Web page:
"Valerie Lawson's 1999 ground-breaking biography "Out of the Sky She Came" peeled away many layers of mystery surrounding the author and her chief character, and for the first time highlighted the importance of the decade her family lived in Bowral when Lyndon was a child and teenager in the genesis of Mary Poppins," he said.

"Lawson's biography also revealed the first Mary Poppins story by Travers was actually published as a freelance article in 1926 by the Christchurch Sun newspaper in New Zealand, some 8 years before the first book and when Travers generally attributed the creation of Mary Poppins."

"Melissa and I interviewed Valerie Lawson in 2004 and she encouraged us to further research the primary sources, especially the author's collection of personal papers in the State Library.

"Based on Lawson's book and our own research and analysis, Melissa and I have concluded that Bowral was the location where Travers created the character of Mary Poppins, most probably while telling bedtime stories to her sisters."

But the most compelling reason is also now the subject of a global quest for the very first "forgotten" Mary Poppins story and also a reward bounty by quest sponsor BibliOZ The Book Search Wizard

During an interview in 1979 with Jonathan Cott, a trusted associate editor of a journal Travers co-founded, the author revealed the existence of an even earlier Mary Poppins story that was written when she was a teenager.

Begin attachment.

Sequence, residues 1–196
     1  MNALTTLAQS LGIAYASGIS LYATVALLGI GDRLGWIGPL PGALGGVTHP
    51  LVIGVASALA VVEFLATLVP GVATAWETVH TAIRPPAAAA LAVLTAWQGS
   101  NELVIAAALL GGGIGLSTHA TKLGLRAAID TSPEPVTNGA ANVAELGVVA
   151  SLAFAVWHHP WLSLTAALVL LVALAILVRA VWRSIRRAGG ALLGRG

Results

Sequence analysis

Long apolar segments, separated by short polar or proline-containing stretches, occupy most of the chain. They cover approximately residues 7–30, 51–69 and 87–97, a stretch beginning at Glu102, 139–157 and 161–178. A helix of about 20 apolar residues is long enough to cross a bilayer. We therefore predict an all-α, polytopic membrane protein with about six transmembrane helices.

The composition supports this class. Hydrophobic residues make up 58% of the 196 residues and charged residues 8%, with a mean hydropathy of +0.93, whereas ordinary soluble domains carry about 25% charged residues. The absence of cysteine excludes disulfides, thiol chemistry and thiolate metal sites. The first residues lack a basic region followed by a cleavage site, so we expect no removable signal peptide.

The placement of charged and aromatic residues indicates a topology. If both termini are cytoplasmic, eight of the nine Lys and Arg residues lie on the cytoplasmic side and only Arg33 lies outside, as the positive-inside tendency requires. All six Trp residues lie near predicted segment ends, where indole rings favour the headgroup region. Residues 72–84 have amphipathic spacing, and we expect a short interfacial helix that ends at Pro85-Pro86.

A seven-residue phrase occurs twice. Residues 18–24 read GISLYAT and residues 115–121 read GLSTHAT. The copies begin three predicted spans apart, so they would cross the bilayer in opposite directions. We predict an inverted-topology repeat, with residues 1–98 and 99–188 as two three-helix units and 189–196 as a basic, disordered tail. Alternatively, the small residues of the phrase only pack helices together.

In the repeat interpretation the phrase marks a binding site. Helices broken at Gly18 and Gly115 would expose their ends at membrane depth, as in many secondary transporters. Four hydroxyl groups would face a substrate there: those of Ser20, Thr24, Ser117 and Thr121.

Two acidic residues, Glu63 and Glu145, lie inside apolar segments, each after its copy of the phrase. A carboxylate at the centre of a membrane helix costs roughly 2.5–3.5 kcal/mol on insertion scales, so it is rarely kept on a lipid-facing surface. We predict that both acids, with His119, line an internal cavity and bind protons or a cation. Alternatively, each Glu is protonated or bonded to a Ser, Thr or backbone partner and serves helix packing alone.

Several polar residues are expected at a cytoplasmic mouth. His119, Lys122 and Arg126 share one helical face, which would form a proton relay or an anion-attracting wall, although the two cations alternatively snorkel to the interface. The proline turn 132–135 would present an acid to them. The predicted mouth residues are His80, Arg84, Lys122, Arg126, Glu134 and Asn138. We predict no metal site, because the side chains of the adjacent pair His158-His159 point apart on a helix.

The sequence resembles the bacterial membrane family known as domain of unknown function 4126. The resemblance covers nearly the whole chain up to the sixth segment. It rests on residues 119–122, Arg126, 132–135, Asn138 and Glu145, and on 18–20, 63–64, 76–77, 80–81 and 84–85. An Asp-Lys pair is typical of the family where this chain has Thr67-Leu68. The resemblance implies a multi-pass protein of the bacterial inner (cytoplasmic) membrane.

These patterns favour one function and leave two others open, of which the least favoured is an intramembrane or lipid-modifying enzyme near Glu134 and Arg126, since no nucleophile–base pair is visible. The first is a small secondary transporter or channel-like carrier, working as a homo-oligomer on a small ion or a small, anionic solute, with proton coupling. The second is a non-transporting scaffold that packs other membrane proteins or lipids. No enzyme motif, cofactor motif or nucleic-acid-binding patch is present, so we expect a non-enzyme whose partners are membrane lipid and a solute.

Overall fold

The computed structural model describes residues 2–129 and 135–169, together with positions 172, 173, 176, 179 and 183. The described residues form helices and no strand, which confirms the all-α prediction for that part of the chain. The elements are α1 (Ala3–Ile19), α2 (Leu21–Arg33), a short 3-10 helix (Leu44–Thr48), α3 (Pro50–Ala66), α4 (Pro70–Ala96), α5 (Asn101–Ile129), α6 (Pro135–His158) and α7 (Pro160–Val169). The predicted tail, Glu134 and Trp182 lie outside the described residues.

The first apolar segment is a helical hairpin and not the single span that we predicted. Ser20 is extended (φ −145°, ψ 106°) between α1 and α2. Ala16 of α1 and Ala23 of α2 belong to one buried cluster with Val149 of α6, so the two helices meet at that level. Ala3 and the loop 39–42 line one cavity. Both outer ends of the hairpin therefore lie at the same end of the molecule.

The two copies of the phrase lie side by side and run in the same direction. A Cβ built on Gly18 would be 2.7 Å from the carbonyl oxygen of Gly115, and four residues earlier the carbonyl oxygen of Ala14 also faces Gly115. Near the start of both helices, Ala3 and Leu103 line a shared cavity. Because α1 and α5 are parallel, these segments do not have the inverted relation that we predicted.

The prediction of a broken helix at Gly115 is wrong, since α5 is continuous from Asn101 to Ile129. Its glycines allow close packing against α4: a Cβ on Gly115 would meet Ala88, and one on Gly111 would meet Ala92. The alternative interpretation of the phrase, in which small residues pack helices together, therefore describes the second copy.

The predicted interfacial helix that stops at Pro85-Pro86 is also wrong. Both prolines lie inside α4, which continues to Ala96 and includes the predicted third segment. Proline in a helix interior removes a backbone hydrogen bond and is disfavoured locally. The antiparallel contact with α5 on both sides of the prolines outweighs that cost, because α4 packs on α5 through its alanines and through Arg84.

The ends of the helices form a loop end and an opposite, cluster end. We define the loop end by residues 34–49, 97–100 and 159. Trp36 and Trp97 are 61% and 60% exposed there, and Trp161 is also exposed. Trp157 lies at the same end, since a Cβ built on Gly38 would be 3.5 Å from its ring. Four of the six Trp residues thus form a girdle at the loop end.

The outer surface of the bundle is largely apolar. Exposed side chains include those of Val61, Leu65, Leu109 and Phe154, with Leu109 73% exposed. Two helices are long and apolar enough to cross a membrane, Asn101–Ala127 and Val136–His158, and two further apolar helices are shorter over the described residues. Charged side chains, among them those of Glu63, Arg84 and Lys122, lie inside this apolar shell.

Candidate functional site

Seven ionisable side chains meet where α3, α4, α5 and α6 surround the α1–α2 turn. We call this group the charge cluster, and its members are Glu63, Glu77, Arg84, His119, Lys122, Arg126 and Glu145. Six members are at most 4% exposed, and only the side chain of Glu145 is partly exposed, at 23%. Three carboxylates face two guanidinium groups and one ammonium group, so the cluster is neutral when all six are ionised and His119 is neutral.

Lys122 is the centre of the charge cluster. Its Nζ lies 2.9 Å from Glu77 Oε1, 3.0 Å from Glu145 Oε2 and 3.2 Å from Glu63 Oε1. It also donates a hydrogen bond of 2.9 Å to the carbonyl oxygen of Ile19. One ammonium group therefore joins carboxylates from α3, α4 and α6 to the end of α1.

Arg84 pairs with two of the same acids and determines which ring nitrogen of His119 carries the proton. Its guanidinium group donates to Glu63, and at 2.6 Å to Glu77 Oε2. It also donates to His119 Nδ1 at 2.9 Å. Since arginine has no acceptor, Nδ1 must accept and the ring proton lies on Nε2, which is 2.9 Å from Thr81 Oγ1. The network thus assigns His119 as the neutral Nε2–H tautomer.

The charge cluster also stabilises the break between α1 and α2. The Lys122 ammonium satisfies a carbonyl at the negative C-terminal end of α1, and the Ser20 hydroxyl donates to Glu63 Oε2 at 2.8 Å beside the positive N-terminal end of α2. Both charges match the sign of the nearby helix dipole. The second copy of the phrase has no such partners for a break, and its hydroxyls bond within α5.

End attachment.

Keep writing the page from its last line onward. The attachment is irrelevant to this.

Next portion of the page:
The mission now is to find that “forgotten” or neglected story and the McShanes are "crowdsourcing" the quest by openly seeking help from historians, readers, researchers and the general public to do so, as the search challenge is beyond their own time and resources to complete alone.

The McShanes have written an e-book "The Case of the Neglected Nanny" that advocates Bowral's claims and compiles the known clues for their league of literary detectives.

"For Bowral, it would be the missing link - or the magna carta - of our case to be known as the birthplace of Mary Poppins as her family lived here during the author's teenage years," said McShane.

"Furthermore, in its own right that first Mary Poppins story is arguably the most valuable missing document in childrens literature."

"Anyone can subscribe to join the quest to help solve "The Case of the Neglected Nanny" Given Travers lived in Australia, Europe and America and travelled and corresponded widely, who knows where the clues might be found?"

BibliOZ The Book Search Wizard is posting a range of rewards as an incentive, and these may increase over time. A free copy of the "The Case of the Neglected Nanny" PDF e-book can be requested by customers with any purchase from the BibliOZ website or else the cost is AU$9.95. The e-book also come free with purchases of the Travers biography and/or the Collected Mary Poppins stories available at the website

Email sherlock(at)booktown(dot) for more information on how to join this quest or go to

ED NOTE High resolution images are available.
PHOTO CREDITS: Umbrella Mosaic Bradman Oval 7 May 2011: Clint Crawley Photography
Paul & Melissa McShane as Sherlock Holmes & Mary Poppins: Corinne Dany Photography

For more information and interviews contact

Paul McShane
Convenor - BookTown Australia

(Paul McShane was awarded a prestigious Winston Churchill Fellowship in 2002 to undertake international research into the booktown movement. It was as part organising the 2004 Australian Festival of the Book in Bowral that his daughter Melissa became aware of the connection the town had with the author of Mary Poppins.)

Australia: 0408 659 896
International: +61 408 659 896
Email: info(at)booktown(dot)